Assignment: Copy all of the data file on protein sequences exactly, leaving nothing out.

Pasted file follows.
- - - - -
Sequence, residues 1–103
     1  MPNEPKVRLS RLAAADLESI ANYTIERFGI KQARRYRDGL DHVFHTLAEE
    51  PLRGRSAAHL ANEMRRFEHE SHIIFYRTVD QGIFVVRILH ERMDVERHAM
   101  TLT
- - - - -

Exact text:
Sequence, residues 1–103
     1  MPNEPKVRLS RLAAADLESI ANYTIERFGI KQARRYRDGL DHVFHTLAEE
    51  PLRGRSAAHL ANEMRRFEHE SHIIFYRTVD QGIFVVRILH ERMDVERHAM
   101  TLT